This report describes common commercial practices for cyber workforce management and organizational issues that are applicable to the U.S. Air Force as it endeavors to improve the management of its cyber forces.
Workforce data sources provide valuable information, though no source should be used on its own. The information should be used to manage new and ongoing degree programs and for periodic strategic planning.
This report describes current practices in using workforce information for degree program planning, analyzes options for using workforce information, recommends promising practices, describes new data tools, and applies these tools.
Despite Jordan's strong economic growth during the last decade, youth unemployment remains high, as graduates don't possess the skills necessary for their desired professions. Numerous policy reforms could turn the tide.
Who is best prepared for responding to surprise: a Navy SEAL, an NFL coach, or a Fortune 500 CEO? The answer is that all three professions have something to teach us: The NFL coach is an expert in pre-planning; the SEAL is great under pressure; and a good CEO has become an expert in responding to strategic threats.
Dealing with surprises is an important part of many professions. The NFL coach prepares by developing a comprehensive response plan for anything that could happen during the game while the Navy SEALs rely on a looser framework that helps them stay alive and achieve their mission objective.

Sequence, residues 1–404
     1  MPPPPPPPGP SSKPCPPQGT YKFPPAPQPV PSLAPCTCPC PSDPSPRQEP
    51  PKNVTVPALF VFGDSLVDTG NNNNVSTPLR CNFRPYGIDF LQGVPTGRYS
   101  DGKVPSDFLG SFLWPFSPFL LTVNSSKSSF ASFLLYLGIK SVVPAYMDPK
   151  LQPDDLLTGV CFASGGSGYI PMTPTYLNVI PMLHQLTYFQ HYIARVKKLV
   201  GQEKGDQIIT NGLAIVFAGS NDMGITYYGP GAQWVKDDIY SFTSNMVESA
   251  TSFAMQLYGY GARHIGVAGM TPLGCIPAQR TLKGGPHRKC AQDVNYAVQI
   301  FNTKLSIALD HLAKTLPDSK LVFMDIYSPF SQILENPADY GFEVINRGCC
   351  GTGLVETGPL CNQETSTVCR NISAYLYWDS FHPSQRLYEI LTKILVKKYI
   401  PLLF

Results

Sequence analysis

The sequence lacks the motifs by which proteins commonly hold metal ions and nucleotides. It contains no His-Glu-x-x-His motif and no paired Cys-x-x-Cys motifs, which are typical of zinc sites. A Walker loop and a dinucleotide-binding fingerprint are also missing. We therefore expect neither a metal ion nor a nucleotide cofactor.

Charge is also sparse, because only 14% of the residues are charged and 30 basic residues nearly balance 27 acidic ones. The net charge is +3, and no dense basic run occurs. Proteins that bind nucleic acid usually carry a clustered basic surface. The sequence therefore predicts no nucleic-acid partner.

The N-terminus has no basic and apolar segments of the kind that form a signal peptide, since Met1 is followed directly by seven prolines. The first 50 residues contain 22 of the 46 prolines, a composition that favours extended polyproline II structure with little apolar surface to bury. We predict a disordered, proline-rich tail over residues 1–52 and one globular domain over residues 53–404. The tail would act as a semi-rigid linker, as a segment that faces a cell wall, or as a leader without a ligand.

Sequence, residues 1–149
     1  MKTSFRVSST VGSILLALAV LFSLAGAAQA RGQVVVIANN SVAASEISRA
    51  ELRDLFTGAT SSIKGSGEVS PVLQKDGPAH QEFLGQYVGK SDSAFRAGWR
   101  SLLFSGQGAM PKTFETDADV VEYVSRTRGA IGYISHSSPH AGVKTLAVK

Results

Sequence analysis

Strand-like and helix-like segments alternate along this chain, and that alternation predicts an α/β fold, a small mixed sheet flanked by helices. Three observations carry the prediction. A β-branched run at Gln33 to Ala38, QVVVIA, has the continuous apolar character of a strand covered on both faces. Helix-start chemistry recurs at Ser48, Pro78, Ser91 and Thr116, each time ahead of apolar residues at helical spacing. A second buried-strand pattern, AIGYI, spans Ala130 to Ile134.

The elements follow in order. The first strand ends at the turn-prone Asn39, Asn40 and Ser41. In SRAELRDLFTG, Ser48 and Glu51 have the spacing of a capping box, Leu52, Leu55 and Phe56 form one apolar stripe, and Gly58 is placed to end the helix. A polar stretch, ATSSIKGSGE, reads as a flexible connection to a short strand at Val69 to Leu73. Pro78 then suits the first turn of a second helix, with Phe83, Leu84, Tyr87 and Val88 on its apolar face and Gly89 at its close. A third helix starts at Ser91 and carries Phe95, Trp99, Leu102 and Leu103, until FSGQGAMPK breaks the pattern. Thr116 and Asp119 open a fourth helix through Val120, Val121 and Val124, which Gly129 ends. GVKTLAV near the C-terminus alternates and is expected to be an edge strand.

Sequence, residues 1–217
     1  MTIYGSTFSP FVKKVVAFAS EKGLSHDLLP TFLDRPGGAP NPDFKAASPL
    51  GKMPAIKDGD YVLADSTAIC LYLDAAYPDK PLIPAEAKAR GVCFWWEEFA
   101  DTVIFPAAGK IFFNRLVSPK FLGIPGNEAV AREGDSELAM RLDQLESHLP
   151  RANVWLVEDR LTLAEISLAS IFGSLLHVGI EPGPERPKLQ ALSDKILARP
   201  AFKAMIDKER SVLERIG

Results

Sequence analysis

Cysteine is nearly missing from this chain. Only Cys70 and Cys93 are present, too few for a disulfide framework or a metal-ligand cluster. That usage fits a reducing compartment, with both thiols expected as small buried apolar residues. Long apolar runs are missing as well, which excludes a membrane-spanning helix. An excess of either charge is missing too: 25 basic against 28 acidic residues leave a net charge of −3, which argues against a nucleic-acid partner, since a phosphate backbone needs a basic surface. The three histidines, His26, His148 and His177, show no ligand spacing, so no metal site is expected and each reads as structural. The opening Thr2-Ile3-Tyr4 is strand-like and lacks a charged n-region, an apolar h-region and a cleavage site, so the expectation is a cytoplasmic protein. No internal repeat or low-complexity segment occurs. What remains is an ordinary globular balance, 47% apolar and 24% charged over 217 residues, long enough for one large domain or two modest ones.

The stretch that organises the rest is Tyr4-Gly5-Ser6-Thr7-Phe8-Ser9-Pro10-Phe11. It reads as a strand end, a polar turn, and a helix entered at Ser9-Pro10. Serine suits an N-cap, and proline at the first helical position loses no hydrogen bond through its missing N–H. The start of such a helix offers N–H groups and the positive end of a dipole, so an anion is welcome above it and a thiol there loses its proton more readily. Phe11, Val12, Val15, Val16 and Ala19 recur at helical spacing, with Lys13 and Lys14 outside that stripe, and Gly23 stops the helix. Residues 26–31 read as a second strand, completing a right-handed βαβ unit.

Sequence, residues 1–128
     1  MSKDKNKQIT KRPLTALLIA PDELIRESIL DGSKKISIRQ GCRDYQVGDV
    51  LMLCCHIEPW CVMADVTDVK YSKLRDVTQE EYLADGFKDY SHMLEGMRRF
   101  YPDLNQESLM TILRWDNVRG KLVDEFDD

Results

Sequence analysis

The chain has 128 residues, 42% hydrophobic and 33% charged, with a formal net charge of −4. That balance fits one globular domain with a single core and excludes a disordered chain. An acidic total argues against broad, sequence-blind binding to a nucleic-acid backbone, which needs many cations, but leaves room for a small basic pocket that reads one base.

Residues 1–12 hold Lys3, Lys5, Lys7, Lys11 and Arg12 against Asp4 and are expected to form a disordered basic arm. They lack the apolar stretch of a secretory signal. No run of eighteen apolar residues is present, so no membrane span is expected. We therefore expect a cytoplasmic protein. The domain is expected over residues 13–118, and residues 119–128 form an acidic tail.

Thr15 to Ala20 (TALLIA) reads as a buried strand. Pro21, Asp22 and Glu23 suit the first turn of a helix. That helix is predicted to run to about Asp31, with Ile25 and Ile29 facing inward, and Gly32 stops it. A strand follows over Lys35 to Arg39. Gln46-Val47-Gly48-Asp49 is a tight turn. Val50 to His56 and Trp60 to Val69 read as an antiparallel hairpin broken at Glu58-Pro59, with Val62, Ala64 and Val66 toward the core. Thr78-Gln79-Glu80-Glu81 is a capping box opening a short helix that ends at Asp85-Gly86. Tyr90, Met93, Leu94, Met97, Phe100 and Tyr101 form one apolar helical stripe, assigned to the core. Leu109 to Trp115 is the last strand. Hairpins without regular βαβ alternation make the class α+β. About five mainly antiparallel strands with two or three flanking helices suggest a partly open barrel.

Professionals today are expected to respond to more variables at a faster rate than was the case even a decade ago. What do ambassadors, chief executive officers, military personnel, and physicians believe creates surprise, how do they respond to it, and how can the effects of surprise be mitigated?
This research brief summarizes the findings of a project that sought to identify common strategies used by practitioners in various professions, from professional sports to Navy SEALs, to respond to unexpected events.
People who do shift work should be vigilant about their risk factors. At the same time, their employers—and the government—can do more to offer education and targeted screening programs to prevent or forestall disease, writes Christian van Stolk.
The results of a nationwide survey show how understanding modern recruits can help police and sheriff's departments refine their recruitment practices and develop a workforce well suited to community-oriented policing.
The report presents the findings of a study undertaken for the English Department of Health in 2009 on whether health workplace interventions could improve the levels of health and wellbeing in British workplaces and the NHS in England.
Young people making the transition from school to work in the twenty-first century in the United States and other developed economies can be expected to face a very different world of work than their parents' generation.
Non-fatal injuries to police officers, firefighters, emergency medical technicians and other public safety workers are common, but little is done to track these incidents in order to improve prevention efforts.